"It  appearing indisputably from the  pleadings of both  parties that the registration of the final deed of tax sale in question in the Office of the  Register of Deeds was  subsequent to the issuance of Transfer Certificate of.  Title No. 38606 in favor of the petitioner; this Court can find no valid reason to subject or subordinate the title, right and interests  bf the petitioner over said property, to such final deed of  tax sale.  Under the  provisions of the Land Registration Act, he who is first in time is  preferred in Sight. (Martinez de Gomez vs. Hugo, 48 Phil. 118.)  Moreover  Section 39 of said Act, provides, among other things, that every subsequent purchaser of registered land who takes certificate of title for value in good faith shall hold the same free of all encumbrances except those noted on said title.  In the  instant ease, when the title of the petitioner was issued, it was free of the annotation of the final deed of tax  sale in favor of the  oppositors.  Unless, therefore, the oppositors can positively prove otherwise in an independent action the herein petitioner is legally presumed to have  acquired the property described in Transfer Certificate of Title No. 38606 for value in good faith and by law  is entitled to hold tine  same free from such annotation of the final deed of sale."
It is true that  the taxes for which  the property was sold by the City Treasurer of Manila were for the years 1945,  1946 and 1947 and the property was sold at public auction on February 14, 1948 and therefore are of a nature that create  a statutory lien which need not be registered to be binding upon third persons, but it is likewise true that oppositors did not register their deed of sale until June 16, 1955, or months after Transfer Certificate of Title No. 38606 was issued in favor of petitioner.  We should bear in mind that there is a difference between a statutory lien established by law to protect a tax claim and the right of the purchaser of property sold to  satisfy the  Iten insofar as its effect and validity on a subsequent purchaser is concerned, for  while  a statutory lien need not be registered, the sate of registered-land to foreclose a tax lien need be registered to be considered preferred.  This is the issue squarely decided by this Court in the  case of Metropolitan Water District vs. Reyes, 74 Phil., 142, from  which we quote:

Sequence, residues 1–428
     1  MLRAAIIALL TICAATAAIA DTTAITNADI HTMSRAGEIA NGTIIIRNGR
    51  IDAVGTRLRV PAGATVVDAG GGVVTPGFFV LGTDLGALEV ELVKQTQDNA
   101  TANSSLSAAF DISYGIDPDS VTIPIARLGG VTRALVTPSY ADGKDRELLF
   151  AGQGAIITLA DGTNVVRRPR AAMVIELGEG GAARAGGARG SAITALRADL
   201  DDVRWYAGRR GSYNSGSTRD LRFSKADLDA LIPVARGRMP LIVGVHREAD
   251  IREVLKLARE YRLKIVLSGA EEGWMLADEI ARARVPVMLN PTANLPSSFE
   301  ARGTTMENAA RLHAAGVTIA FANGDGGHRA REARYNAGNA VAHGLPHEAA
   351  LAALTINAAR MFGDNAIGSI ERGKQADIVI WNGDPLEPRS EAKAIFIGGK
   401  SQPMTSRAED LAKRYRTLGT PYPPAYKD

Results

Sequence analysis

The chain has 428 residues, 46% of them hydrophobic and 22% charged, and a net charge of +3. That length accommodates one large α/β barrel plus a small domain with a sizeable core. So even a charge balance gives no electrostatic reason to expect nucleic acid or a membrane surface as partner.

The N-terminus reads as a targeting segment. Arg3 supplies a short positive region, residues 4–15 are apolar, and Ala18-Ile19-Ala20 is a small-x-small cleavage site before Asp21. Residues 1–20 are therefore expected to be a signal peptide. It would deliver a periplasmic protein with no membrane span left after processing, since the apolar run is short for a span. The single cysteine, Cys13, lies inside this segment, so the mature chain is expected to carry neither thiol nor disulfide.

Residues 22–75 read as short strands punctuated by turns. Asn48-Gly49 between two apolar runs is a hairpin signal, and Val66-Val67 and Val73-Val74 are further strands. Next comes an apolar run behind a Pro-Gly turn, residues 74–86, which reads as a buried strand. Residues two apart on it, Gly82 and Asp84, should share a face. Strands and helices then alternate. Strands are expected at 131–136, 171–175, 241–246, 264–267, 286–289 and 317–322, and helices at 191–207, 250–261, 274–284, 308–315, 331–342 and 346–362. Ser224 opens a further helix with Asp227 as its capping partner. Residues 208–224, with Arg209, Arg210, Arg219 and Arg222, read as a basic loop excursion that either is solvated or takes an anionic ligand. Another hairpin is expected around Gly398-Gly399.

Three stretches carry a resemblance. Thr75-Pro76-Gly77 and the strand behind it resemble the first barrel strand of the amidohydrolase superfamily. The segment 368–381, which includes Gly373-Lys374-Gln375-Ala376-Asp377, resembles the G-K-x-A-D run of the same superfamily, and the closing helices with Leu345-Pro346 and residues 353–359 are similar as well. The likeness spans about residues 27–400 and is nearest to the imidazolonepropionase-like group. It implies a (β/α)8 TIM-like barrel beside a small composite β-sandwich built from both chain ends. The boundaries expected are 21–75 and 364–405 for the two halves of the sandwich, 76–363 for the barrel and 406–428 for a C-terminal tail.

"Is it necessary to register a tax sale of real property covered by a Torrens Title to affect said property insofar as third persons are  concerned?  Respondent  contends  that since he bought the property at the foreclosure of a tax lien thereon and since by virtue of section 39 of Act  No. 496 a tax lien does not have to be registered, it was not  necessary for him to  register his certificate of sale in order to affect third persons.  Such contention fails to distinguish the lien  itself from  the foreclosure thereof.  It is not necessary to  register a tax lien because it is automatically registered,  once,  the tax  accrues,  by virtue of section 89, which expressly  provides that every person receiving a certificate of title in pursuance of a decree of registration and every subsequent purchaser of registered land who takes a certificate of title for value in good faith shall hold the same free  of all incumhrance except those noted on said certificate and any of the following incumbrances which may be subsisting:  '*  *  * taxes  within two years after the same  became due and payable *  *  *.'  But there is no provision of  law to the effect  that  the sale of  registered land to foreclose a tax lien need not be registered.  On the contrary, section 77 of Act No. 496 specifically provides (insofar as it is  pertinent here) that whenever registered land is sold for taxes or for any assessment, any officer's return, or any other instrument made in the course of proceedings to enforce such liens shall be filed and registered in the registration book, and a memorandum made upon the proper certificate, in each case, as an adverse claim or incumbrance.  Section 50 also expressly provides that the act  of registration shall  be the  operative act  to convey  and  affect  the land."
It appearing that  petitioner bought and registered the property in question from its original  owner free from any lien  or encumbrance, and oppositors registered their deed of  sale concerning  the same  properly  subsequent thereto, even if the property was sold for taxes within two years after the same become due and payable, it follows that  the deed of sale  of  oppositors cannot be deemed preferred over that of petitioner, and therefore the trial court did  not err  in ordering the cancellation of the annotation of said sale on the back of Transfer Certificate of Title No. 38606.  As this Court said in the Metropolitan Water District case: "It is clear therefore that the tax sale made by the City Treasurer to the respondent  on May  4, 1937 did not bind the land and  did not affect the petitioner until it was registered on  November 8, 1988" (Italics supplied.)

Wherefore, the order appealed from is affirmed, without pronouncement as to costs.

Paras, C. J., Bengzon, Padilla,  Labrador, Endencia, Barrera, and Gutierrez  David, JJ., concur.